I survive an entire week of open mic nights
When I tell friends I’m spending a week watching open-mic comedy, reactions range from “Wicked” to “So sorry.”
As I discover, there’s more to stand-up than masochism or public therapy for chronic masturbators, alcoholics, misogynists and racists.
Eton House (Tuesday, May 6)
This is a classic blue-collar joint, and that character gets extra cred from the curmudgeonly grandpa heckling incoherently from the bar. It must make it tougher for host Jo-Anna Downey, who already has her hands full lubricating the transitions between performers.
The comics take turns with topics like necrophilia, cancer, “cunts” and gay sex. This, I soon discover, is pretty normal.
One comic gets laughs for a semi-drunk rant on being unpatriotic. Then he mocks trashy folk who use flags as curtains, and explains that you don’t see flags from Cameroon because people from there are poor. Also poor? His taste.
So my first open-mic is lukewarm, but maybe it just feels pathetic watching comics try to talk over the loud old waitress who doesn’t give a damn what’s happening onstage.
I decide it’s time to hit something else, and cab it down to Yuk Yuk’s.
Yuk Yuk’s Downtown (Tuesday, May 6)
There are two parts to Tuesdays at Yuk Yuk’s. At 7:30 pm, Humber comedy students do their thing. I’ve gone before, but the early stuff is for people seeking schadenfreude.
I arrive for some decent acts in the amateur-filled second half. Yuk Yuk’s tries to mix in a couple of pros to cheer people up just in case one of the amateurs drunkenly makes fun of his ex-wife’s vagina for five unbearable minutes. (This happened a few months ago.)
The best line comes from Adam Christie, who talks about his childhood love of Lou Bega’s Mambo #5. You had to be there. It’s a joke that involves the crowd and offers something new. Don’t worry, though; he still talks about his penis.
Of course some people can destroy good-on-paper humour with the wrong approach – like Brian Something, who robotically recites his one-liners. I can just type “jokes” into Google and get the same result.
Host Stephen Patterson successfully ends the show with solid funny guys Jeff McEnery and Rob Pue. They’re like getting an apology gift after a domestic dispute.
Absolute Comedy (Wednesday, May 7)
It’s my first time at this club’s pro-am night, and it’s a formula that works, as I learned at Yuk Yuk’s the night before. The actual venue is perfect. The staff is courteous, and the place is full of people who actually want to be there. That’s what a $6 cover does.
MC Fraser Young is solid, quick-witted and interacts well with the crowd. His back-and-forths with guests are funny, but not humiliating. Hooray! I’m not cringing!
John Markey pulls out my favourite line of the night: “We’re reclaiming the word ‘retarded,’” he starts, “because, seriously, calling them ‘delayed’ implied that they could catch up.” Yeah, it’s crass, but this is nothing compared to some of the material I’ve heard this week.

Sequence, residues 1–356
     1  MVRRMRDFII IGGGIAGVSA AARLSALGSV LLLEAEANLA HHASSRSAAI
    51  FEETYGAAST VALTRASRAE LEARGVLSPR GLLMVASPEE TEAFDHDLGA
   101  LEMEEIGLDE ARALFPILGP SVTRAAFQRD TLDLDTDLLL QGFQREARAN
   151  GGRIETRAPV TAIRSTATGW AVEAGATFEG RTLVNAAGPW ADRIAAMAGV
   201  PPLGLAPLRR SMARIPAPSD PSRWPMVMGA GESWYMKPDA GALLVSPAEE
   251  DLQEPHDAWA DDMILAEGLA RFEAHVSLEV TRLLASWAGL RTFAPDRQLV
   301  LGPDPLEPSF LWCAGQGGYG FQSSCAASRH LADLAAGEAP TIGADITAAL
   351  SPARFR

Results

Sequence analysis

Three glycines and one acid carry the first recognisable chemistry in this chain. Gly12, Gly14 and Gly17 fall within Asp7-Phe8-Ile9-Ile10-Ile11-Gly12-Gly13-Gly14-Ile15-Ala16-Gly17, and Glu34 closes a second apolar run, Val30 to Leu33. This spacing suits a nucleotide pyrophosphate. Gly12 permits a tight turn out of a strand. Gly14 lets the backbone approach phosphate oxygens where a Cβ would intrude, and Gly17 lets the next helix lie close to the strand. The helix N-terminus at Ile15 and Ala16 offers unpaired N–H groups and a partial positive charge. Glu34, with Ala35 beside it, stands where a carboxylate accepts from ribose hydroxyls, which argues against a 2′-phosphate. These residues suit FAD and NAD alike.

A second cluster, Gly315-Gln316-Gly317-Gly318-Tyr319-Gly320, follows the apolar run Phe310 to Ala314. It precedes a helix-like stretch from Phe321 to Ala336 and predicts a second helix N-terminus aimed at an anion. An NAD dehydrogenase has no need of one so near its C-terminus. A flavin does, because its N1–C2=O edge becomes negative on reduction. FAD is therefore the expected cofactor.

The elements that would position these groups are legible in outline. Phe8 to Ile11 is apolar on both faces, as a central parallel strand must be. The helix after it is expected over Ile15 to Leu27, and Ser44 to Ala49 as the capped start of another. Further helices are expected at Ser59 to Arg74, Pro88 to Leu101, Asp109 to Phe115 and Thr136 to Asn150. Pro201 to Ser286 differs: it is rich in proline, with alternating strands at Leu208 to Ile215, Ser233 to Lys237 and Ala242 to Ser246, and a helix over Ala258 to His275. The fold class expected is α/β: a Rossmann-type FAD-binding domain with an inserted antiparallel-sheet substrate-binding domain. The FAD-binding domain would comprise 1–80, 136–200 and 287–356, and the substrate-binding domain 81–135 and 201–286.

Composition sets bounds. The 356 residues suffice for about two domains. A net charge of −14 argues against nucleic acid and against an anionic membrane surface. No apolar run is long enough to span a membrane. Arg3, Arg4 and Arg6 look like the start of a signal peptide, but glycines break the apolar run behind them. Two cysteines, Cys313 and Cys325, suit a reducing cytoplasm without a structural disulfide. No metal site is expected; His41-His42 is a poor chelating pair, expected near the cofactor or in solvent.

There is one problem. Someone’s let a smartass 11-year-old in and he’s messing with the acts. He interrupts Troy Dixon’s strong showing, but the comic recovers. The parents don’t rein in the little turd, and eventually the kid scores a casualty when another comic stumbles in a joke.
“Are you drunk?” yells the boy. Okay – it’s time for Spirits.
Spirits (Wednesday, May 7)
Jo-?Anna Downey, who also runs the Eton House open-?mic, is onstage. She mocks her Tuesday night gig, saying, “The only thing that gets me through Eton House is the booze.” I’m getting the feeling that comics consume a lot of alcohol, or at least pretend to.
Downey is a pro host, and her roaring laugh is contagious. She handles bullshit well, too, dealing skilfully with assorted asses who are just boozing bystanders at this free night.
Some serious attention is paid to a seated couple decked out in matching Abercrombie & Fitch wear. Okay, I’d be making fun of them, too, but it goes on too long, gets too personal and the couple make a hasty exit.
Then someone cracks a joke about sex with a paraplegic. Cue the groans. Still, I’m finding that each open-mic has real gems. Tonight’s is Ted Morris, a gay veterinarian – which no doubt helps with material. I love that his “favourite part of spring is when the snowmobilers start dying.” Later, he pulls out the giant rubber glove he uses to explore cow anuses. I leave happy.
Gladaman’s Den (Sunday, May 11)
I’d heard there was an open-mic at this gay hangout. I’m wrong – but there is a drag queen onstage.
Fox & Fiddle (Sunday, May 11)
Upstairs, Jason Blanchard is warming up a new open-mic night. He tells the crowd he’s going to be quick, because too many hosts hoard time – oh, snap!
Two dozen people are sitting around, but I discover that most will get to the stage. So really there are only a handful of random guests. Maybe a rainy Mother’s Day is to blame for weak attendence.
This experience is authentic. The comics are truly amateur. Their names come out of a bucket at random, and plenty of awful humour fills the room. Someone actually says, “The best thing about retarded people is that when you make fun of them they don’t understand.” See? Bad.
One comic does a good job of making fun of people who do chin-ups on the TTC. “It makes me want to go to a gym and read,” he cracks. The rest of the night is a stream of novices from out of town taking their turn on the little stage.
The Fox isn’t the best night of the week, but I don’t hate it. It’s all just been too much comedy to stomach in such a short time.